Mafnas, who works at the U.S. Department of Agriculture as an Engineering Branch Chief, has served in various leadership capacities with the Philippine Association of Metropolitan Washington Engineers (PAMWE) and the Federal Asian Pacific American Council (FAPAC). She is also a licensed Real Estate Professional in Northern Virginia with an elite Graduate, REALTORS® Institute designation or GRI. With husband Joe, Mafnas has two children, both college grads.
Elected for a term of two years, PAFC’s new board includes Ador Carreon, Bobby M. Federigan, Gloria Maria T. Federigan, Christian Flores, Christine Oliveros, Malcolm Peck, John Gabriel Victoria, and Zeny Viloria.
Carreon has been with PAFC for more than 15 years, serving as director and board chairman. He and his wife Nanette are heavily involved with philanthropic work in the Philippines. Carreon is also active with the Masons and the Veterans of Foreign Wars.
Gloria Maria T. Federigan was re-elected to a third term. A regular columnist for Manila Mail, she is Board Director of the Birhen ng Antipolo, USA, Inc. Her husband, Bobby, joined the board for the first time. Also a columnist for Manila Mail, he retired in 1997 from the Bureau of National Affairs, Inc., after 28 years as Managing Editor of the Labor Relations Reporter. The Federigans are looking forward to celebrating their 50th wedding anniversary soon.
Zeny Viloria, re-elected to another term, is a retired Branch Manager & Licensed Banker and a proud grandmother of five kids. She is past president of the Progressive Alliance of Filipino Americans, Inc. (PAFAI.)
Malcolm Peck served as PAFC board secretary for two years. Now retired, Peck was a senior program officer at Meridian International Center in Washington, DC. He has served both as president and secretary of PALM (Philippine Arts, Letters, and Media Council).
John Gabriel Victoria, 22, is an entrepreneur, owner of Polianna SEO (digital marketing agency specializing in search engine optimization. He attended the United States Naval Academy and is currently Vice President of Filipino Young Professionals of Washington DC, Deputy Director of the Filipino Veterans Recognition & Education Project (FilVetREP) and Deputy Director of NaFFAA’s Capital Region.
Christian Flores, 24, graduated from the University of Maryland College Park with a Bachelor of Science in Kinesiology. He currently works in clinical research administration for the George Washington University (GWU) Biostatistics Center while pursuing a Master’s in Public Health, with a concentration in Community Oriented Primary Care. At UMD, he served as FCA’s Cultural Chair where promoted Fil Am culture through different events, workshops and dance performances. Additionally, he has served as the Internal VP of AASU, where he spearheaded the Asian Pacific American Heritage Month on campus.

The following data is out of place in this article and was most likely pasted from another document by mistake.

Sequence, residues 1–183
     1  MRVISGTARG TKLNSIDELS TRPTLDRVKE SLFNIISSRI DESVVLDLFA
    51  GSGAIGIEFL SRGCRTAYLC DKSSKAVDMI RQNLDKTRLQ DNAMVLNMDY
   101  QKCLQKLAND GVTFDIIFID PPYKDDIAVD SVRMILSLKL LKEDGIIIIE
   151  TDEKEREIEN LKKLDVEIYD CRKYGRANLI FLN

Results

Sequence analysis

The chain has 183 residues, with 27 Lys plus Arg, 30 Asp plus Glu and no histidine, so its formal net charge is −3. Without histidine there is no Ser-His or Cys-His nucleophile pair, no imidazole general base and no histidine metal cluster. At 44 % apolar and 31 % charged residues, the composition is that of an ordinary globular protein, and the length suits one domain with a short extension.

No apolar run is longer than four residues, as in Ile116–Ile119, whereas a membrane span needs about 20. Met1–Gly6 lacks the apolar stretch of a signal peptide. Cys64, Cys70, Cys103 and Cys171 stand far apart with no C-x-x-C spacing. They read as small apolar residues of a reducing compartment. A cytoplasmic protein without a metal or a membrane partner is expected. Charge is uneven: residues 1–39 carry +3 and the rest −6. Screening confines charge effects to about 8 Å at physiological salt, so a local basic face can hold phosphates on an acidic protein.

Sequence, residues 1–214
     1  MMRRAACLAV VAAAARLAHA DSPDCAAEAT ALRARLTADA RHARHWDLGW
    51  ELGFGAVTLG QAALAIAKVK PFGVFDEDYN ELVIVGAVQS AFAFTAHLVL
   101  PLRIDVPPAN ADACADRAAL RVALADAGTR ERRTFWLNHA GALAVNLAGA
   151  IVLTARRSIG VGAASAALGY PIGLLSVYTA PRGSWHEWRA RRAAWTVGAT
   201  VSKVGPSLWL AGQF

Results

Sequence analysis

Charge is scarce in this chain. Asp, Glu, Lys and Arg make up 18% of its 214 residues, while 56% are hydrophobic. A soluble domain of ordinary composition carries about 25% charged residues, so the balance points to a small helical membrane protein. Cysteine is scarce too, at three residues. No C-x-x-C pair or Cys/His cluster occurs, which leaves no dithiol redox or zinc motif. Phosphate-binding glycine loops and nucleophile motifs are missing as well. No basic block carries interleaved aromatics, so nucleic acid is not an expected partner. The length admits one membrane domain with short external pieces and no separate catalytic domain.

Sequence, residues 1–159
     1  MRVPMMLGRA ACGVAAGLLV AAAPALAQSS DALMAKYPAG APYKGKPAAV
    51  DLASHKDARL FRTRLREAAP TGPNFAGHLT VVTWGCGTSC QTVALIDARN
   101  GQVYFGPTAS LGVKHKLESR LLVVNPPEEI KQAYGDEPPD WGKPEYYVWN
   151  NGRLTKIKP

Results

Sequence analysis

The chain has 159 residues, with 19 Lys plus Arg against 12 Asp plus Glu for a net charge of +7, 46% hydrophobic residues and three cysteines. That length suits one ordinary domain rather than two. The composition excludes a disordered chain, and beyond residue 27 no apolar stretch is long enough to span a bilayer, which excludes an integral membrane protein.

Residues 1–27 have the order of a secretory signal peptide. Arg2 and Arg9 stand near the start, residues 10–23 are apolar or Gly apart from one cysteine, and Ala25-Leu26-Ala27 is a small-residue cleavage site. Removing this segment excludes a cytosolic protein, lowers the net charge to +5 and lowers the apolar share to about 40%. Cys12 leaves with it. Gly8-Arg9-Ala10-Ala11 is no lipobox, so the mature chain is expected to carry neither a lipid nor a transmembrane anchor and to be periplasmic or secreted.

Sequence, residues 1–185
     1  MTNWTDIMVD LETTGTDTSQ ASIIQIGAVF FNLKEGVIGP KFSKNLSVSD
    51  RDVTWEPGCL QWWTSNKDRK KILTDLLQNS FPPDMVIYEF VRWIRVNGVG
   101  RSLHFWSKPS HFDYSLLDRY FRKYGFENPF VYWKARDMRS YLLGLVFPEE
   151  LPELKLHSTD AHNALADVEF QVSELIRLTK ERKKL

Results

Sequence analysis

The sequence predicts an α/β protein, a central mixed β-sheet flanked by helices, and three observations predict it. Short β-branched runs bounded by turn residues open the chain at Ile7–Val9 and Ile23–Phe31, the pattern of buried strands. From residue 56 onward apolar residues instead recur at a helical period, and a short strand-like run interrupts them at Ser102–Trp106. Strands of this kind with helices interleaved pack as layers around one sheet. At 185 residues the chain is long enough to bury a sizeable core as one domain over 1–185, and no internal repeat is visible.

Christine Oliveros, 24, works for The Arc of Prince George’s County as an Infant and Toddler Service Coordinator supporting families and their children who have medical diagnoses, disabilities and/or developmental delays. She has a Bachelor of Science Degree in Community Health and a minor in Asian Studies from the University of Maryland, College Park and served as FCA’s Community Service Chair. Born in the Philippines, she came to the U.S. when she was 13.
Appointed executive officers are Anika Aquino, Vice President of Programming; Christine Bersabal, Vice President of Marketing and Communications; Min Yun, Vice President of Community Engagement; Grace Villanueva, External Relations Officer; David Pagsibigan, Treasurer; Rochielle Canare, Secretary; and Brandon Bartolome, Webmaster.
Except for Pagsibigan and Villanueva, who have been involved with the community for two decades in various leadership roles, the five other officers are in their 20s. Aquino is currently engaged in project research at the Georgetown University Center for Child and Human Development; Bersabal is associated with the University of Maryland’s Multicultural Involvement & Community Advocacy; Yun is HR Assistant at GEA Process Engineering; Canare is Team Lead and Clerical Aide with the Substance Abuse and Mental Health Services Administration; and Bartolome is a Mentor with Asian American Lead.
All of them were actively involved in their school’s Filipino Cultural Association and the Filipino Collegiate Networking Dialogue (FIND.)
Outgoing PAFC Board member Mitzi Pickard applauded the newly-elected board for its diversity, breadth of experience and commitment to community building. “I am encouraged by their openness to our guidance and support,” she said. “To use their language, we will be delighted to ‘download our knowledge’ and strengthen our collective capacity to make a difference.”